See also United States v. Helms, 897 F.2d 1293, 1299 (5th Cir. 1990) (upholding defendants' consecutive sentences on multiple pre-Guideline counts of mail fraud and emphasizing that " [t]he district court has broad discretion in sentencing determinations").5
We agree with Judge Wilkins' opinion in Watford that sentencing courts have the discretionary power to impose consecutive sentences contrary to the mandate of the Sentencing Guidelines where a defendant is convicted for both Guidelines and pre-Guidelines offenses. In light of our concurrence with Watford and Garcia's concession that the district court properly imposed a twenty-one-month term of imprisonment on the Guidelines count, we reject Garcia's contention that the imposition of consecutive sentences constituted a departure from the Sentencing Guidelines.6
Even if section 5G1.2 of the Sentencing Guidelines does not apply to the pre-Guidelines count, Garcia asserts that this section still is applicable to the Guidelines count. Thus, Garcia contends that the court erred in ordering the term of imprisonment on the Guidelines count to run consecutively to that on the pre-Guidelines count. However, Watford upheld such a sentence. Moreover, Garcia does not suggest that he is prejudiced in any manner by the sentence on the Guidelines count running consecutively to that on the pre-Guidelines count, as opposed to the sentence on the pre-Guidelines count running consecutively to that on the Guidelines count.7 Nor does he ask that we change the order in which his sentences are to be served so that the Guidelines sentence is served first or that we direct the district court to do so. We, therefore, conclude that Garcia's contention in this latter respect does not entitle him to any relief on appeal.
For the foregoing reasons, Garcia's sentence is
On February 20, 1986, in another proceeding, a district court had sentenced Garcia on three counts of filing false tax refund claims. The court ordered Garcia to serve consecutive sentences of four years' imprisonment on two of those counts. The court allowed Garcia to surrender voluntarily to federal prison authorities on March 3, 1986. Garcia filed the false claim at issue in the present case shortly before surrendering to prison authorities because of the prior violations. Garcia was paroled from the Salvation Army Halfway House on October 21, 1988. Soon thereafter, Garcia attempted to bribe Hernandez to cover up the instant false tax refund claim. As a result, the United States Parole Commission issued a parole violator's warrant and filed it as a detainer. See Tijerna v. Thornburgh, 884 F.2d 861, 864-66 (5th Cir. 1989)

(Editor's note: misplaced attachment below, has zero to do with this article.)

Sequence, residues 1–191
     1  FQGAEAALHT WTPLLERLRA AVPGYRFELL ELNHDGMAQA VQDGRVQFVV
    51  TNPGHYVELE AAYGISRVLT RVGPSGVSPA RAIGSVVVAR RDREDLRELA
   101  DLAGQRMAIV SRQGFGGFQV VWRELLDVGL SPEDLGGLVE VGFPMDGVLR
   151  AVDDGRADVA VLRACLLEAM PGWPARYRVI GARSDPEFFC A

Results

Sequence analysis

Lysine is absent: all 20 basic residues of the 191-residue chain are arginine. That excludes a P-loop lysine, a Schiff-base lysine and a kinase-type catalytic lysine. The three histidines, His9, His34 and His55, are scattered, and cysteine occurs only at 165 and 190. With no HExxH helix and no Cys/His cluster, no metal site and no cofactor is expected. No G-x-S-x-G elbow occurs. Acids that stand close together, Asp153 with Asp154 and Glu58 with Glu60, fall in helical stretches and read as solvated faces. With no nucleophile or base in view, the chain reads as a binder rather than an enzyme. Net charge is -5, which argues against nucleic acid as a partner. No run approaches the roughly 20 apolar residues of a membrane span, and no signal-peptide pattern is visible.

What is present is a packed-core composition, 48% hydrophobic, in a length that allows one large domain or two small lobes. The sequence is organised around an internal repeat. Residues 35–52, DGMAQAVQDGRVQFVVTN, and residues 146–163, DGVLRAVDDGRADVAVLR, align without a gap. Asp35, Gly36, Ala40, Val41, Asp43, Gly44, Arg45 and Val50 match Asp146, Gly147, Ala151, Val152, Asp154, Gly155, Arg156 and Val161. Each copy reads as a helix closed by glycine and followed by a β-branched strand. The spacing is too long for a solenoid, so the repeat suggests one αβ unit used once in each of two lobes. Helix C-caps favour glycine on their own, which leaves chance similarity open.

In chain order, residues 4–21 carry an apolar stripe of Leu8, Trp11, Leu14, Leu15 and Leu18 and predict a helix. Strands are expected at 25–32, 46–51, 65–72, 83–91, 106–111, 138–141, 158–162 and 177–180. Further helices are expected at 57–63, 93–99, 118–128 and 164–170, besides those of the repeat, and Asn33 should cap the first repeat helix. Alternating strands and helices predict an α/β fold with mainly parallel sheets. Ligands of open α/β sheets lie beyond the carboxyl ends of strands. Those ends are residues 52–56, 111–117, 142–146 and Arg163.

The district court found as to the obstruction of justice count that there were no aggravating or mitigating factors warranting a departure from the applicable sentencing range under the Sentencing Guidelines. The statutory maximum term of imprisonment for obstruction of justice is five years. See 18 U.S.C. § 1510(a)
The base offense level for obstruction of justice is twelve. See U.S. Sentencing Comm'n, Guidelines Manual Sec. 2J1.2 (Nov.1989) (hereinafter U.S.S.G.). The district court determined that the offense level should be adjusted downward by two levels because of Garcia's acceptance of responsibility. See id. Sec. 3E1.1(a)
The commentary to section 5G1.2 was amended for purposes of clarification on November 1, 1989--shortly before the district court sentenced Garcia--by deleting the phrase, "any combination of concurrent and consecutive sentences that produces the total punishment may be imposed," and inserting in lieu thereof the phrase, "consecutive sentences are to be imposed to the extent necessary to achieve the total punishment." See id. App. C, No. 287, at C.149. This clarifying change is of no relevance to the present issues